When I first saw that part of Romney's defeat was blamed on Orca, a fancy new app or system to help reach and turn out voters, I thought to myself: uh-oh, geek sabotage.
I've learned to think that the hard way, by seeing it happen over and over and over again in many life situations and virtual situations which are, at the end of the day, tethered to real life.
Who handled Romney's geek work? None of the articles seemed to tell us this. They talked about the spectacular failure, but they didn't say *the names*. The firm hired. The people who coded this road-wreck.
Zac Moffat, the Romney campaign's digital director, had this to say to CNET:
Zac Moffatt, digital director for Romney campaign, acknowledged that Orca experienced problems on Election Day. "The primary issue was we beta-tested in a different environment than the Garden [Boston Garden, where the 800 campaign staffers were working]. There was so much data coming in -- 1200 records or more per minute -- it shut down the system for a time. Users were frustrated by lag, and some people dropped off and we experienced attrition as a result."
But Zac himself didn't sit and code this -- he relied as everybody does on others in a consulting firm. In fact -- as we come to find out -- he relied on the firm where he used to work, Targeted Victory.
*UPDATE: While Zac's former company Targeted Victory did some of the social media and ap work for the Romney campaign, they DID NOT work on Orca. Who did? We still don't know as of November 16.
Pandodaily.com also lets us know that Moffat spread out the consulting on all aspects of the digital side of the campaign to many firms and didn't keep it tightly under control in-house. Perhaps that was his undoing?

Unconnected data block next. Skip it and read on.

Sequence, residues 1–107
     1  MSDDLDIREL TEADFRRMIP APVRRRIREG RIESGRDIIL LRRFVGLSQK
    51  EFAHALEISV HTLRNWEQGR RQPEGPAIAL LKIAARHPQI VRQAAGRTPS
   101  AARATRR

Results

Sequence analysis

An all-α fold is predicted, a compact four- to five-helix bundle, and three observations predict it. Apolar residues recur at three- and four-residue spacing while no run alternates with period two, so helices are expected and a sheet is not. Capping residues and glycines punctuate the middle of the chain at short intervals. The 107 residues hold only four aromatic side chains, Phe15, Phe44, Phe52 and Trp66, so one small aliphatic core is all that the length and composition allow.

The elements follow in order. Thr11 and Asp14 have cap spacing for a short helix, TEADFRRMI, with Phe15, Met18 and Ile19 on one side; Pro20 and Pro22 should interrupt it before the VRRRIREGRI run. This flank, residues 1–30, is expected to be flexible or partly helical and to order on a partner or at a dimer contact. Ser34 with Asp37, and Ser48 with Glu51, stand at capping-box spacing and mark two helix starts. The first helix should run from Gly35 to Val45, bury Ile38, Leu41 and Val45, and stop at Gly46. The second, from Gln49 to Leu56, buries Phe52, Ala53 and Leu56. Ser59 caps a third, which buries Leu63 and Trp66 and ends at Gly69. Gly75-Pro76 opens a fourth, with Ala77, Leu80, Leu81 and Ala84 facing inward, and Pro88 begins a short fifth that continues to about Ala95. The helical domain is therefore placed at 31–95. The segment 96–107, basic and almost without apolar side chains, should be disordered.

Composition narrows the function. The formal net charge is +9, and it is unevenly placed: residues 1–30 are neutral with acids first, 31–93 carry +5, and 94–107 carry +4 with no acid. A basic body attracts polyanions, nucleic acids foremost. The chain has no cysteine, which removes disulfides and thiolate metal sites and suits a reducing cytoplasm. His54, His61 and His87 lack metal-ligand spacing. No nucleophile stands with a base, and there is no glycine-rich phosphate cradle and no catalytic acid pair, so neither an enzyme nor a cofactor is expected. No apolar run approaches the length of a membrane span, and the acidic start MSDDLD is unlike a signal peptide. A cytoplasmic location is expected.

It's remarkable how coy the tech press is about the WHO and WHAT of this -- TechCrunch just tells us it's the "best minds of Silicon Valley" and "for free". (Well, you get what you pay for there...) Zac relied, for example, on a Googler with his 20% -- he said at first. Now was that safe? Of course not! And Google hastened to force a clarification: "Moffatt later clarified at Disrupt San Francisco that Google’s partnership was through the form of an externship, noting that contributing paid time would be illegal. See his talk here".
There's a vague reference to Square for fundraising and Eventbrite for Events -- but the names of the firms and coders aren't given. That's what we need.
I went around asking and asking. People weren't saying. Ars Technica protects their own tribe. They say "an unnamed company". Right. It took me five minutes of looking around tweets and Twitter accounts to find that company.
The sourcing for several stories was the blog of Ekdahl, here -- so I asked him. First, he said "marketing consultants" were to blamed. I dug further. They are clueless, but not directly to blame for technical screw-ups unless they gave assignments unrelated to reality (and maybe they did, it needs investigation).